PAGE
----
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Spider-Man: Across the Spider-Verse

Lots of things moving really fast

I fell off of following comic book movies back around the second "original" Spider-man movie (back when Tobey Maguire was still doing the web-slinging). So jumping straight into a 2023 animated Spider-Man sequel set in the "Spider-verse" was kind of like, having not jogged for two decades, you one day decide you're going to do two hours of windsprints. 


Across the Spider-verse fits within a broader vein of classic comic book heroes reformulated into new characters and reset within bigger, broader "meta" comic book universes. The movie's center of gravity is not one, but two, spider-bitten super-heroes: Gwen and Miles. They're fighting crime in New York and tackling the challenges of adolescence (Gwen as a Spider-Woman, Miles as a Spider-Man)--but here's the knot: they're from different New Yorks in different universes.


This, of course, is part of the central conceit of the "Metaverse," the notion du jeure that there are infinite parallel worlds and universes all running alongside each other simultaneously. As it happens, there is a common strand between a fairly large number of these parallel universes: they all have New York Cities. More than that, though, all these New York Cities have radioactive spiders biting teenagers and turning them into a wide variety of spider-themed super-heroes who feel compelled, despite the usual challenges of adolescence, to fight crime.


Gwen and Miles are two such kids, misunderstood by their parents and friends, who feel overwhelmed by the awesome power of being teenagers with superpowers. When a faceless, bumbling villain called "Spot" shows up in Miles' New York, throwing holes (that look an awful lot like rorschach tests) into reality hither and yon, Miles and Gwen come to learn about the Spider-verse. Turns out all these alternate universe spider-heroes have a central node, a big futuristic city, where they basically make sure all their respective threads run the way they're supposed to. That point's really important, apparently. So important, the idea takes on a term of truly breath-taking self-awareness--it's Canon. And as long as everyone in the Spider-verse follows the Canon, everything can go on, more or less smoothly.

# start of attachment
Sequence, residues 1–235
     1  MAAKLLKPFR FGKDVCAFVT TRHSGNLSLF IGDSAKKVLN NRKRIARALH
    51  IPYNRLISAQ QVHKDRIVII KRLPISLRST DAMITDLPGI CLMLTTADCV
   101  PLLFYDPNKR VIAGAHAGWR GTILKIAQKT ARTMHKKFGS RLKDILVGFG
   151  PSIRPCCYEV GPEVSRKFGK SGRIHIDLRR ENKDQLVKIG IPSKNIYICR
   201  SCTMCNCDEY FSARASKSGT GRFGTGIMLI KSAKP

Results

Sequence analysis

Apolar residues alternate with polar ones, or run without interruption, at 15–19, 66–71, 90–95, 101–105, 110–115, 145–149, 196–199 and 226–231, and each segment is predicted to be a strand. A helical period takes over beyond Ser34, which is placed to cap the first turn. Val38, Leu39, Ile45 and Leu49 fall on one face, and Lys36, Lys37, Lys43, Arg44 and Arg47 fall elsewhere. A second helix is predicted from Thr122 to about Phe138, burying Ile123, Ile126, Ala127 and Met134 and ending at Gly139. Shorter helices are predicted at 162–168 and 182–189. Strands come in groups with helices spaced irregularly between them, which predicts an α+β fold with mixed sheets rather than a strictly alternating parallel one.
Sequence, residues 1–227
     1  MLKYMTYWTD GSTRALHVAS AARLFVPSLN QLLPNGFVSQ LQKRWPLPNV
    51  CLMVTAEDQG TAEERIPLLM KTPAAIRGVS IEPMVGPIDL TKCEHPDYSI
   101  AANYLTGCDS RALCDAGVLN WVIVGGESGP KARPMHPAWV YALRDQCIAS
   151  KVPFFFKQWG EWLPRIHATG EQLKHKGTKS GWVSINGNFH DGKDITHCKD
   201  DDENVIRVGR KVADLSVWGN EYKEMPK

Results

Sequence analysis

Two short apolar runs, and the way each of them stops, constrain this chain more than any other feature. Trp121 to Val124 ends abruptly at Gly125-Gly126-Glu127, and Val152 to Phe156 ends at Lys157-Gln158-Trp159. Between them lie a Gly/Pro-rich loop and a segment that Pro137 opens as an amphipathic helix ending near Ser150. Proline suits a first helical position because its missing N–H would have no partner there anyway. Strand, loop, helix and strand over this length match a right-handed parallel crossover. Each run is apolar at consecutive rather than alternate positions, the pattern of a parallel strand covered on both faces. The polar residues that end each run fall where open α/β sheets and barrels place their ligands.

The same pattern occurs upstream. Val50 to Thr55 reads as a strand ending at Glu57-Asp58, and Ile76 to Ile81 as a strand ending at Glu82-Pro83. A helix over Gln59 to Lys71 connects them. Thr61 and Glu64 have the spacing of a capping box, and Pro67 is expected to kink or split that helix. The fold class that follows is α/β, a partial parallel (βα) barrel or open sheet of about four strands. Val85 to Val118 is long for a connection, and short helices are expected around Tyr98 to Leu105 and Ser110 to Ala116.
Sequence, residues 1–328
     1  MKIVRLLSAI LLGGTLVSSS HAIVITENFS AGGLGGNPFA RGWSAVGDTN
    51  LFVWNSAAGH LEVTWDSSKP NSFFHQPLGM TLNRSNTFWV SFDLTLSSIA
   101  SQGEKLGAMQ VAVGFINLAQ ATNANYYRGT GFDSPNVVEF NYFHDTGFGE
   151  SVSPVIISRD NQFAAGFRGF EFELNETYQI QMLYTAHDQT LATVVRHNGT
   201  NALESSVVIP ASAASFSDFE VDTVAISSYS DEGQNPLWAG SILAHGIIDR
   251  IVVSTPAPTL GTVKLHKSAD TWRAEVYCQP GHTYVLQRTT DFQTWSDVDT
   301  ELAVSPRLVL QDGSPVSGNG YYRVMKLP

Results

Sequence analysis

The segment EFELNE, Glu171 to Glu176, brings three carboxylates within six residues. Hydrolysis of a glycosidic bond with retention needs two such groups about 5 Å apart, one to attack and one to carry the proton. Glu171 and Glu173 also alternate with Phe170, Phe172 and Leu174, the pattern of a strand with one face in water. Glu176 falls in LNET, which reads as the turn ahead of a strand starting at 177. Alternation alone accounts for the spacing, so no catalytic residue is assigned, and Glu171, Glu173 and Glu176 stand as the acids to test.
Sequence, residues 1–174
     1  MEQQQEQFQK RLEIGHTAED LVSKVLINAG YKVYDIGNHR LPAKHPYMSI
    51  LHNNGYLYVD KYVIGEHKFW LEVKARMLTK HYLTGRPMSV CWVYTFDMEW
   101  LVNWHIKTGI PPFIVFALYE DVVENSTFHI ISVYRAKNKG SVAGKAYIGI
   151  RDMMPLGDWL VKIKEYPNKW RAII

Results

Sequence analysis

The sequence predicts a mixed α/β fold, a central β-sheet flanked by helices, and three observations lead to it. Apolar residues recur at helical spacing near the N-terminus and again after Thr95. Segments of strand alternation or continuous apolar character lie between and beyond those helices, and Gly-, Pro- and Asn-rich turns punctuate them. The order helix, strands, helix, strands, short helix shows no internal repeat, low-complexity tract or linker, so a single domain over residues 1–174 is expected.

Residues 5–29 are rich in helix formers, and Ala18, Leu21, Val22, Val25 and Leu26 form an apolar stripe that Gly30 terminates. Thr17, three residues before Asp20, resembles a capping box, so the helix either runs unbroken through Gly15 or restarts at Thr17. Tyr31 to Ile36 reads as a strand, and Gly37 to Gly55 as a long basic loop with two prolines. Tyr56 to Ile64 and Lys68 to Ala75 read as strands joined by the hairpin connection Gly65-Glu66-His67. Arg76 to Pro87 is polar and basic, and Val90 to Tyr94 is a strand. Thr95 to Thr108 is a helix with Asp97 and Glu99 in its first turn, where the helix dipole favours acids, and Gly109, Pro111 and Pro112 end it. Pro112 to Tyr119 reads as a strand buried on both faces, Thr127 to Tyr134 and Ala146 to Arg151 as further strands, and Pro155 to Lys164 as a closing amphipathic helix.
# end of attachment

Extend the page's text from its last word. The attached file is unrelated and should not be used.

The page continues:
Spot's quest for vengeance against Miles threatens to destroy the Spider-verse's Canon. While Miles' quest to chart his own destiny pretty much does the same. And, lo, lots of things move really fast and blow up.


This really isn't my kind of movie (we took our younger son to see it), but that's not a fair critique in a review, so I'll try to hit the highs and lows on the movie's own terms.  In terms of animation, this was a beautiful movie. Computer-generated animation has come a long way, and Across the Spider-verse shows it at its best. The action--and there's ample plenty of it--is fluid, fast (and at times, at least for this old Gen-X'er, a little bit overwhelming). The backdrops were inspired, alternating between sweeping cityscapes and, at times, evocative color spreads. The latter could've come straight out of a Ralph Bakshi movie (and I mean that as high praise). The voice actors all put in solid performances, as well. The script-writers deserve praise for the dialogue, which differentiated characters' voices while avoiding info-dumps. The score wasn't bad if urban and techno beats are your thing. 


The plot, however ... needed some tightening up. I say that recognizing this is comic book stuff, so its supposed to be big and sprawly and kind of winding. But still, the story line ran wild and never really cohered. It's also larded with teen angst. Everything in this movie--every parent, guardian, villain, and mentor, every secondary and tertiary character, heck, the whole "Spider-verse," becomes nothing but a crucible for Gwen and Miles' struggle of being misunderstood. That aspect of the characters certainly deserved a few beats in the story; it didn't deserve to be beaten to death. 


But overall, I think, Across the Spider-verse is a solid contribution to the modern take on the classics. Whether it rises to Canon or not, I guess we'll have to wait for the next installment to find out...

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